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Under ACA, Employment Rates and Employer-sponsored Insurance Rose along with Coverage Expansion

November 16, 2018

Findings from a new Urban Institute analysis indicate that health insurance coverage gains under the Affordable Care Act (ACA) were well-targeted to workers and their dependents who most needed help.

Following the passage of the ACA during 2010, some opponents of the law took the position that the ACA would have negative effects on employment and employer-sponsored insurance (ESI). But the analysis, prepared for the Robert Wood Johnson Foundation, tells a different story. The ACA increased coverage substantially for workers, without creating an appreciable negative impact on ESI or employment.

The analysis used federal data from the American Community Survey and the Current Population Survey. Researchers found that between 2010 and 2016, employment increased, as did health insurance coverage offered to these workers. Workers in historically low-insurance rate jobs experienced an increase, including restaurant and retail workers. For purposes of the analysis, “worker” refers to people who are currently employed.

Key findings:

  • Overall, employment increased by 8.2 percent as coverage rose by 9.6 percent
  • Among employees earning less than $15 per hour (jobs in food preparation and service; farming, forestry, and fisheries; building and grounds maintenance; personal care; health care support; and transportation and material moving), ESI coverage increased by 6.8 percent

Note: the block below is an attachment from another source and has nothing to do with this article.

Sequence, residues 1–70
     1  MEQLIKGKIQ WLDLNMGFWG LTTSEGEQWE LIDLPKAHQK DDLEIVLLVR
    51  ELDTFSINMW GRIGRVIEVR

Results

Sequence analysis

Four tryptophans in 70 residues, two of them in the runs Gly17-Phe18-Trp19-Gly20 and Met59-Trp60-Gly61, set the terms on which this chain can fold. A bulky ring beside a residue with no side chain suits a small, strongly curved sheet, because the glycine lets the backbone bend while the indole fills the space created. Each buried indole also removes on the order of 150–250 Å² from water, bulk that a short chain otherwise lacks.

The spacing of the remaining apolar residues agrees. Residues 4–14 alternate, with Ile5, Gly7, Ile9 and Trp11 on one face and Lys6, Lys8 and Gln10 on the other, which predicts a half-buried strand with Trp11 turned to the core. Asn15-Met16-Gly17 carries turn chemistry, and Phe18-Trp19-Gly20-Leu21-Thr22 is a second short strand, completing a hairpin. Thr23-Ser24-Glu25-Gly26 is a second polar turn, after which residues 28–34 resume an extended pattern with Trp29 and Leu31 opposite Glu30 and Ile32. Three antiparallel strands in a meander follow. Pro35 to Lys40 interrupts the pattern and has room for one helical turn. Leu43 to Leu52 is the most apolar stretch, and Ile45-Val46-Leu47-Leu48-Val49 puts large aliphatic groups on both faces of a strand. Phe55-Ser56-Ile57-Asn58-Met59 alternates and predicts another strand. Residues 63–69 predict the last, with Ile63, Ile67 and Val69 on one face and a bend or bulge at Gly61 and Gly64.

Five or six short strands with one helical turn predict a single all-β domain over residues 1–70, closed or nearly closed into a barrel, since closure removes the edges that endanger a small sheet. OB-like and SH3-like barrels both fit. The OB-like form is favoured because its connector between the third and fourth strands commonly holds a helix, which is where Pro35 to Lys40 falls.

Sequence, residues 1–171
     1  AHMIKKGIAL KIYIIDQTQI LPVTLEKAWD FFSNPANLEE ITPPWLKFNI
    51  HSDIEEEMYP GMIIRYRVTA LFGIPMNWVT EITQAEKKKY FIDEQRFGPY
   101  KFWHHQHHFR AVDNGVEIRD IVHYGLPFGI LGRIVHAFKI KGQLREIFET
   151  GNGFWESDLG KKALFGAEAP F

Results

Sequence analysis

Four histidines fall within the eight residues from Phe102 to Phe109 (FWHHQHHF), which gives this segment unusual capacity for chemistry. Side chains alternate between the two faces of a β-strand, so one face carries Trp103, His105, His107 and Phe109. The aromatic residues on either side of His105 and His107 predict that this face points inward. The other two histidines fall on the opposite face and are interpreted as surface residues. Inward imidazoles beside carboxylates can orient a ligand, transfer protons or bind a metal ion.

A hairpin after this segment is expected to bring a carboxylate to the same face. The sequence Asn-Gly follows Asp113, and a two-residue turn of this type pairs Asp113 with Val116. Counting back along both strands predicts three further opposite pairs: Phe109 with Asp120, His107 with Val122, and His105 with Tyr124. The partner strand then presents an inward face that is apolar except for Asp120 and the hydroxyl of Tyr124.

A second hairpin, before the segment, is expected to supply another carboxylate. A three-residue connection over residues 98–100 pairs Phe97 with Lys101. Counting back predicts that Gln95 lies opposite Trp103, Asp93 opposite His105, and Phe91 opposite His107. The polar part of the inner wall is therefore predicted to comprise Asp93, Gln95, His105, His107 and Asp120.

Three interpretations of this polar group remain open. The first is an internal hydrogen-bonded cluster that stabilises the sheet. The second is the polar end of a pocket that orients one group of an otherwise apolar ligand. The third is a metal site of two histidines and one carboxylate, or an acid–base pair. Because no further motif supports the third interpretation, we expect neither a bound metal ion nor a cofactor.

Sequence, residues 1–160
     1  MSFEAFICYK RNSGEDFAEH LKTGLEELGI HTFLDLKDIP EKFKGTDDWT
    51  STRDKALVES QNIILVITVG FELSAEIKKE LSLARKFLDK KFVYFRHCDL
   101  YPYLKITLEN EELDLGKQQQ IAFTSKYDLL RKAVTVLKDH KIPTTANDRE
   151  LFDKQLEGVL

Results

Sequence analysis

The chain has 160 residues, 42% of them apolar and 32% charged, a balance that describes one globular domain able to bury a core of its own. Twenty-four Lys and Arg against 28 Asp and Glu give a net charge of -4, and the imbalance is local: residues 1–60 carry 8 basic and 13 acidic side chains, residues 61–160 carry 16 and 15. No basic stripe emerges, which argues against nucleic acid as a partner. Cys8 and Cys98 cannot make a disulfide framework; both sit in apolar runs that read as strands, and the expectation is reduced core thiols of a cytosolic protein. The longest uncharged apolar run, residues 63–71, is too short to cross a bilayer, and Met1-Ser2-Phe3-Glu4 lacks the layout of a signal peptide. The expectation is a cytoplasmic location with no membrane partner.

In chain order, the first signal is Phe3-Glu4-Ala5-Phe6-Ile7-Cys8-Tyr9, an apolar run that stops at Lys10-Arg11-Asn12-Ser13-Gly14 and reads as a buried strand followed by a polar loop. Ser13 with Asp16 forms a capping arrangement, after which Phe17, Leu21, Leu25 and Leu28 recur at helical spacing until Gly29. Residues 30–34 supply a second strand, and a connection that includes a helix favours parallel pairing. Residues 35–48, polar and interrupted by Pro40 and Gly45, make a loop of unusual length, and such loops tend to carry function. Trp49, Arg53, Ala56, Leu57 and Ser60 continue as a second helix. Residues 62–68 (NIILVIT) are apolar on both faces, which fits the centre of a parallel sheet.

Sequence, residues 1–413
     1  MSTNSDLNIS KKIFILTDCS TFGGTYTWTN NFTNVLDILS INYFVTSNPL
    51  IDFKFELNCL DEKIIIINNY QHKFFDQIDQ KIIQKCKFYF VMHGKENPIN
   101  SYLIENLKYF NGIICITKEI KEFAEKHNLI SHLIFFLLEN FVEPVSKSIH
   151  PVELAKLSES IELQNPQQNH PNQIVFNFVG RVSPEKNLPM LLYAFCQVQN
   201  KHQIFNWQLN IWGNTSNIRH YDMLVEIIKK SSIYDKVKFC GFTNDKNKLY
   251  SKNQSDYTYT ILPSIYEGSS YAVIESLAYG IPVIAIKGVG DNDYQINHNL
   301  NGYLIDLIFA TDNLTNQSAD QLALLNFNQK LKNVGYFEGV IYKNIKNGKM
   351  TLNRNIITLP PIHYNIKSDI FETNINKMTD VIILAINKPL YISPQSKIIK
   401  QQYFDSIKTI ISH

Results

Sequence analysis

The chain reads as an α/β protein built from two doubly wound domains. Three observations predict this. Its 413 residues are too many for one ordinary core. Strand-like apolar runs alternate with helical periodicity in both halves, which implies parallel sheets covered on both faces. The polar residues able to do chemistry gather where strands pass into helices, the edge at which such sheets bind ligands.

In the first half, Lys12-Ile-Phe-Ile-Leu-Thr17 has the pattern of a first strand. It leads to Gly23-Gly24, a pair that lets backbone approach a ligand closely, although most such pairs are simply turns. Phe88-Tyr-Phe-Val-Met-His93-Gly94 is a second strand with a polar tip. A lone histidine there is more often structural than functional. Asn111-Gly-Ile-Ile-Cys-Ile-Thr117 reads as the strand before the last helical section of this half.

• Non-ESI coverage increased by 71.1 percent (e.g., Medicaid, marketplace coverage)

The concerns that had been raised about the ACA's potential impact on workers were two-fold:

  • With the addition of new types of coverage through Medicaid expansion and the ACA marketplaces, employers would try to save money by decreasing ESI, because their workers would have other options
  • When the employer mandate took effect during 2015, workplaces with more than 50 full-time workers had to provide ESI. Some ACA critics said workplaces would try to avoid that threshold by laying off workers or reducing the hours of workers to reduce the number of full-time employees

The Urban Institute reported that neither of these predictions came to fruition following passage of the ACA. In addition, the report did not find evidence of a corresponding “crowd-out” effect on ESI coverage.

This type of analysis further informs the ongoing public policy discussion about the future of the ACA. HAP will continue to advance the success stories of expanded health care coverage and advocate for protecting and strengthening the ACA.

For more information about HAP’s work to protect and strengthen the ACA, contact Laura Stevens Kent, HAP’s vice president, federal legislative advocacy.

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